G: The Guggenheim competition begins to touch on ideas put forward by Mike Davis in City of Quartz.2 He argues that culture in Los Angeles, supposedly to be put on display for the general public, was imported from a predecessor of generating real estate capital. Is it possible to have such strong ties to structures of power and still view oneself as an agent of the common people? How can we change the perception that our profession is on call to the demands of those in positions of power?

CG: This makes me think of a recent lecture at the Architectural Association in London by Pier Vittorio Aureli titled “Can Architecture be Political?”3 He began by saying that architecture can never be political because it is a discipline and practice that always deals in consensus. As he talked about that he showed an image of the Guggenheim competition and all the submitted proposals. At the same time, he explained that architecture is always political because it deals with space. We also understand architecture as a cultural production. Therefore, we can begin to free ourselves from the pressures of capital and traditional office economies.

G: So the question would be: how do architects get outside of our own conversations? It seems we are so caught up in these discussions with other architects that we have little dialogue with those outside the field.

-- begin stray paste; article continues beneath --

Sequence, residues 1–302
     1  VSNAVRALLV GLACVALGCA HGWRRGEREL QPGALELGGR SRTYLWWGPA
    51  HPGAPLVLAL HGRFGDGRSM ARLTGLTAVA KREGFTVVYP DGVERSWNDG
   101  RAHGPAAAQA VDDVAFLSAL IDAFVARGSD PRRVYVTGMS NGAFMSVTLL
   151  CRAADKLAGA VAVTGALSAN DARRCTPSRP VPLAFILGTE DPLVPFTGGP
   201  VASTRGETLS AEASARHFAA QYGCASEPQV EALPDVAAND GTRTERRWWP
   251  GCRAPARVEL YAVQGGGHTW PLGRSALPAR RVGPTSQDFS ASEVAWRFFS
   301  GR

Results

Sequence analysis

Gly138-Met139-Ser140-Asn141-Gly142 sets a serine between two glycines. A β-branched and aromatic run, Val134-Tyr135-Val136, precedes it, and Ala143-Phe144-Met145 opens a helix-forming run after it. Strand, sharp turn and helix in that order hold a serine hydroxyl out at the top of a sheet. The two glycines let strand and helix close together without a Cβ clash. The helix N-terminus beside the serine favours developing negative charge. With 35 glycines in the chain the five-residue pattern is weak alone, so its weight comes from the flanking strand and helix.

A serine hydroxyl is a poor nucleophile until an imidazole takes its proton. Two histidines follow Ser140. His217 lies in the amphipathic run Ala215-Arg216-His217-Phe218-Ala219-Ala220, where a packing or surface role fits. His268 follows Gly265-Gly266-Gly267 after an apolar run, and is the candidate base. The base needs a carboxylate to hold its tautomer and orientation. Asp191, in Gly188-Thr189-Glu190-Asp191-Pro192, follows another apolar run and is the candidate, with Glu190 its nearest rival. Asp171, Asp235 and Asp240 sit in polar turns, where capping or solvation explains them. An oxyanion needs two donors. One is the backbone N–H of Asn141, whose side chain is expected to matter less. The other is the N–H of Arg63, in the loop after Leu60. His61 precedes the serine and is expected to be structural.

CG: This is a communication issue. One of the things we do the most is write and speak in architectural schools and other public environments. For example, we have been developing a project for the rehabilitation of a mining village from the end of the 19th century in Caceres, Spain. Every time we have a meeting with a different agent, we give them a publication about the project. We now have a big collection of booklets with different graphic and text languages that can be approached by my grandmother, or the mayor of the city, or the press, etc.

R: In the research that we did on architects who are more socially or politically engaged, many were from Europe--particularly Spain. Does this involvement have to do with education?

CG: Santiago Cirugeda is a good example. We studied together. At some point, with like ten other student representatives, visual artists, and flamenco musicians, we rented a house which we named La Casita (the name of a famous brothel in Sevilla). We opened it as a studio or office. For the next seven years this collective did many exhibitions and publications concerning similar topics (politics, architectural games) and created illegal public spaces in rough areas of different cities.

Around that time, the architecture schools in the South of Spain were extremely conservative. The studies were very long (ten or eleven years to graduate) and extremely hard to pass.